With a selection of over 300 works, mostly from private collections, this exhibition is the most comprehensive retrospective dedicated to Paul Thek (New York, United States, 1933-1988). Among the selected pieces are paintings and photography, as well as objects of collective works that the artist produced for various European institutions. Thek considered the key to the relationship between man and the world was in continuous wandering, and spent much of his career in voluntary exile in Europe. The artist lived in different cities, fuelling a distinctly cosmopolitan art.
Thek's work is among the central sources of artistic revolution during the Sixties, and had a great influence on both contemporary artists and on successive generations, especially through his installations, with which he redefines the limits established until the Seventies regarding the format of artwork. Along with the artist's bronze sculptures and objects, numerous paintings are also exhibited. Painting will be a constant throughout his career and in it a critical position is recognised, with humour and freedom from conventions and quirks of the institutionalised art world.
The work of this New Yorker stems from confronted realities: his work is marked by the Catholic religion, and he openly confesses his homosexuality while at the same time shows a desire to marry and have a child. Among the pieces on exhibition his most well-known series, Technological Reliquaries stands out, inspired by a visit to the Capuchin catacombs of Palermo and produced in New York between 1964 and 1967. These works represent human body parts created with extremely lifelike wax, like a reliquary of the technological age, in contrast to the widespread minimalism in New York at the time and a way of evoking a set of ideas of mystical depth that would be translated into reflections on the ephemeral, the aura, the natural, organic, profane and religious.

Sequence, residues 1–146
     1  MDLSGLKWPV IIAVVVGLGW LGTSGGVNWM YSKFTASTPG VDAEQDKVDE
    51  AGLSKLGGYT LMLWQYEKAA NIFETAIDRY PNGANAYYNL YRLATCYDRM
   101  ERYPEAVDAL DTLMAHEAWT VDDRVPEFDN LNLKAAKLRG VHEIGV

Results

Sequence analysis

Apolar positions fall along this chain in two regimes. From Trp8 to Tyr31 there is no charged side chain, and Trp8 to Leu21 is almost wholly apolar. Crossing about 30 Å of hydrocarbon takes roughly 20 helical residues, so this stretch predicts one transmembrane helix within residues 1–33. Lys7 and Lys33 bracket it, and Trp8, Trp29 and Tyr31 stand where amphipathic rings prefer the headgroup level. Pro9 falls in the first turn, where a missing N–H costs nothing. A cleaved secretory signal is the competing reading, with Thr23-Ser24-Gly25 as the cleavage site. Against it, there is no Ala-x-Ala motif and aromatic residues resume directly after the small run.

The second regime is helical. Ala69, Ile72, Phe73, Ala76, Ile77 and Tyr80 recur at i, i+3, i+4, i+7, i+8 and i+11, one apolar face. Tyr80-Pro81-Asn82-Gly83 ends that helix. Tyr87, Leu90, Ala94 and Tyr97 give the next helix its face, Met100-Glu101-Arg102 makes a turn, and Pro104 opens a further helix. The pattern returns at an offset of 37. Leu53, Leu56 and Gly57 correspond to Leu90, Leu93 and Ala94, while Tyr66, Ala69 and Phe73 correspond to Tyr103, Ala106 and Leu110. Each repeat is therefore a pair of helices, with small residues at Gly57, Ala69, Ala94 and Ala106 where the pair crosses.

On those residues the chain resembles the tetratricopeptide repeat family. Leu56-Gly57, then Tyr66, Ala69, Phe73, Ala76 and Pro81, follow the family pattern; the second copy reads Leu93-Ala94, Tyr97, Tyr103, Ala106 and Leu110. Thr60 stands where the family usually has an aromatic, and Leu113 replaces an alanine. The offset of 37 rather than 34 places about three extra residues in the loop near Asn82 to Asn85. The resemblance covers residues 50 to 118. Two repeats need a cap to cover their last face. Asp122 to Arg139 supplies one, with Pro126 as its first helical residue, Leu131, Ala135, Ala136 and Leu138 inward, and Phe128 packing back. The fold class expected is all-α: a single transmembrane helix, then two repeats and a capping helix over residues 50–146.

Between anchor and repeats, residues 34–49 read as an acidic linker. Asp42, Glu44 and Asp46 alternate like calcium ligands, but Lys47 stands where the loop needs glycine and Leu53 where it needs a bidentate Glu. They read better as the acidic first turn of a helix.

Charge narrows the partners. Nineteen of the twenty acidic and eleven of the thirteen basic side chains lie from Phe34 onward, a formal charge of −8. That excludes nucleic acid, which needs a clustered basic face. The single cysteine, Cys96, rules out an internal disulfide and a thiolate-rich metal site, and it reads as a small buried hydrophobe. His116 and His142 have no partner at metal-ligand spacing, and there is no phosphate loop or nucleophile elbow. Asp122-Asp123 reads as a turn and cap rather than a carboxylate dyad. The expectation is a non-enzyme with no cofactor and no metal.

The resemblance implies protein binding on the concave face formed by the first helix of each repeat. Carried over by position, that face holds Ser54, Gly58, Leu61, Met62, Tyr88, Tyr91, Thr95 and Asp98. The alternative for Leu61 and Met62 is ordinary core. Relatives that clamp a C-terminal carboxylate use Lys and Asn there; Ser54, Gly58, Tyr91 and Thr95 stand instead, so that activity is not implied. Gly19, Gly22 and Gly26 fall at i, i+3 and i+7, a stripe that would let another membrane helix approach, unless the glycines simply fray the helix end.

Throughout his career Thek produces numerous collective works with the group of artists Co-op for important European institutions. Some of these pieces, made as an installation, have been preserved and exhibited along with the photographs of other installations that have survived to this day.
Zentrum für Kunst und Medientechnologie ZKM, Karlsruhe (December 15, 2007 - March 30, 2008); Sammlung Falckenberg, Hamburg (May 31 - September 14, 2008)